Children are affected by intimate partner abuse even if they are not present during an abusive incident. They may hear the abuse or its violence from other rooms or see the aftermath of the abuse. They may be used as a tool by the abuser. They may become homeless when they and their abused parent leave the abuser.
How are children affected by intimate partner abuse?
The child’s reaction to a home environment where abuse is present can vary. For most children, exposure to intimate partner abuse is traumatic and their reactions are similar to children’s reactions to other traumatic stressors.
Short-term effects may include:
- Generalized anxiety
- Difficulty concentrating
- High activity levels
- Increased aggression
- Increased anxiety about being separated from a parent
- Intense worry about their safety or the safety of a parent
Long-term effects, especially from chronic exposure to intimate partner abuse, may include:
- Physical health problems
- Behavior problems in adolescence (e.g., juvenile delinquency, alcohol, substance abuse)
- Emotional difficulties in adulthood (e.g., depression, anxiety disorders, PTSD)
In addition to these effects, children who have been exposed to intimate partner abuse often learn destructive lessons about the use of violence and power in relationships. In abusive environments, children may learn that it is acceptable to exert control or relieve stress by using violence, or that violence is in some way linked to expressions of intimacy and affection. For children, these lessons can have a powerful negative effect that impacts their social interactions and relationships throughout childhood and adulthood.
If there’s intimate partner abuse in the home, does that mean there is also child abuse?
Partner abuse in a home does not directly mean that child abuse is occurring. However, studies show that children and teens exposed to an abusive parent are at higher risk of experiencing child abuse and neglect. In a national survey of more than 6,000 families, 50% of the men who frequently assaulted their wives also frequently abused their children. An abusive parent may resort to child abuse in an effort to maintain power and control over both their partner and their children.
What does Intimate Partner Abuse Look Like in the LGBTQ Community?
Is there abuse in the LGBTQ community?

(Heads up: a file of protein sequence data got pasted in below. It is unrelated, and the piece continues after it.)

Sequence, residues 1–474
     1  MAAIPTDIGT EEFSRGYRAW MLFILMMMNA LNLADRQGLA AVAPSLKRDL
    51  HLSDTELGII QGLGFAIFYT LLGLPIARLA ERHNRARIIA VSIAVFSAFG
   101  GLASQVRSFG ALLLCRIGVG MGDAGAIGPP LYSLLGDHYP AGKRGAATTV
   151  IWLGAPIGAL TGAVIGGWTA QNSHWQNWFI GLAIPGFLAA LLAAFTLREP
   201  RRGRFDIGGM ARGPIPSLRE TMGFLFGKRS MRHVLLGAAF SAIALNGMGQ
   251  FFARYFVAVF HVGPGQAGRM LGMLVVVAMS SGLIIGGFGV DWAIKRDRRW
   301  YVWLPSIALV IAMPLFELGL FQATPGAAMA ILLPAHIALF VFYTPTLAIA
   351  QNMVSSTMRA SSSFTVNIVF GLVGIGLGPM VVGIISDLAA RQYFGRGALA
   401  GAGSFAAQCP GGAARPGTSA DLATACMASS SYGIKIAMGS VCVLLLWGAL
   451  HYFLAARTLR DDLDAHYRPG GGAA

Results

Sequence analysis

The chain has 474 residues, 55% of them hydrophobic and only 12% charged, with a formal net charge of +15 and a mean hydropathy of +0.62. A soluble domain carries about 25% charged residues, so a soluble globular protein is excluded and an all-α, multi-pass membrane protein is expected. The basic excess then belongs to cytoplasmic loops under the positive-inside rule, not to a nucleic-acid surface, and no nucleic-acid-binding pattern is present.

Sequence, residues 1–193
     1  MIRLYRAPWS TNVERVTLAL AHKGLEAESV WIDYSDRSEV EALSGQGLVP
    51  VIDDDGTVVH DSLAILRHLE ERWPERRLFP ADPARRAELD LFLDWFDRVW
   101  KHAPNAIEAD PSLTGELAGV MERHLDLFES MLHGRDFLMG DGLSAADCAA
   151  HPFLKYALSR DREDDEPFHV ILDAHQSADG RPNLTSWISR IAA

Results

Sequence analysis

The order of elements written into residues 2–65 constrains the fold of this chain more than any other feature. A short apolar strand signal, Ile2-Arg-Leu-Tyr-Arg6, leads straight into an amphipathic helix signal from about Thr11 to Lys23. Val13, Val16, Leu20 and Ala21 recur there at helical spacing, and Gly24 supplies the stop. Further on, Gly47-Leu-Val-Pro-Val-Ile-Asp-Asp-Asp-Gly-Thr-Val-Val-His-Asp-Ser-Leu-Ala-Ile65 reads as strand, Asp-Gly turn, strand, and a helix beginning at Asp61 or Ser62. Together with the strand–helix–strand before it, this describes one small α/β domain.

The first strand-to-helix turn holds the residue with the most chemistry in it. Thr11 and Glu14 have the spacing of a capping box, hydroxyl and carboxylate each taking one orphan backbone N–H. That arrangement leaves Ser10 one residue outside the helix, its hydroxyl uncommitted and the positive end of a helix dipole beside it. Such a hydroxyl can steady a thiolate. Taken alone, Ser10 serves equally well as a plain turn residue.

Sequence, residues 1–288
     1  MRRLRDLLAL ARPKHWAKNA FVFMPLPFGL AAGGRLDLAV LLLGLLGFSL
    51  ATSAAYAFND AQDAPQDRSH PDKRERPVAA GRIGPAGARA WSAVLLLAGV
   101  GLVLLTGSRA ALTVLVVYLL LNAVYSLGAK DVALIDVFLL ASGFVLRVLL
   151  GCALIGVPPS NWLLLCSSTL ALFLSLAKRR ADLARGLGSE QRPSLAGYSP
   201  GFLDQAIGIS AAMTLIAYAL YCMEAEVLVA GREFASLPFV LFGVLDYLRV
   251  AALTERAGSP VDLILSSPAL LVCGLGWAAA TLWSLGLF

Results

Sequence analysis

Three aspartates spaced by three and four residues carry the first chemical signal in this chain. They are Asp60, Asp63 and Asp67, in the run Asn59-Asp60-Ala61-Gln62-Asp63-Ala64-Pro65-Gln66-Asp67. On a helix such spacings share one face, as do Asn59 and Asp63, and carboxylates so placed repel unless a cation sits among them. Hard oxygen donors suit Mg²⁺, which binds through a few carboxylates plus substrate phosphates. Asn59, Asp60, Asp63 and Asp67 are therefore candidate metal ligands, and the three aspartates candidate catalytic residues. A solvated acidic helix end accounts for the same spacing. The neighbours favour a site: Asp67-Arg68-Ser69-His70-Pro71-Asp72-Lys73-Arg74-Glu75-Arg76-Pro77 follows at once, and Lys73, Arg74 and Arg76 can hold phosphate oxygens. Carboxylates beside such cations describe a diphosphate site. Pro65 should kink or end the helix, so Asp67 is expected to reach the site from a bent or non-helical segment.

Intimate partner abuse does occur in LGBTQ couples. Studies have found that intimate partner abuse occurs among same-sex couples at rates comparable to those in straight couples: one out of four. Studies suggest that abuse is even more common in transgender relationships.
Is abuse in the LGBTQ community different?
LGBTQ and straight victims of intimate partner abuse may experience similar patterns of abuse. However, LGBTQ victims may experience some notable additional vulnerabilities, including:
- Abusers may threaten “outing” their victims to work colleagues, family and friends.
- LGBTQ victims may be more reluctant to report abuse to legal authorities because doing so would force them to reveal their sexual orientation or gender identity.
- LGBTQ victims may be reluctant to seek help out of fear of showing a lack of solidarity with the community or because they fear that society will perceive LGBTQ relationships as inherently dysfunctional..
- LGBTQ survivors may fear revictimization based on their sexual orientation and gender identity from resources that are meant to support survivors.
- Abusers may threaten to take away the children from the LGBTQ victim. In some states, adoption laws do not allow same-sex parents to adopt each other’s children. This can leave the victim with no legal rights.
How Can I Help Someone Experiencing Intimate Partner Abuse?
What can I do to help someone who is experiencing intimate partner abuse?
If your friend tells you they’re in an abusive relationship, believe them. Direct them to resources they can use to get help, such as the phone number for CORA’s intimate partner abuse hotline. Acknowledge their fears and the risk they’re taking in confiding in you. If you believe abuse is occurring but the victim doesn’t want to acknowledge it, respect their right to privacy and to refuse help. Don’t be judgmental. Don’t force them to discuss the relationship if they’re not ready. Don’t tell them to simply leave the relationship. Encourage them to get help to develop a safety plan and a safe means of escape. And above all, don’t encourage others to intervene with the abuser unless the victim asks for that assistance.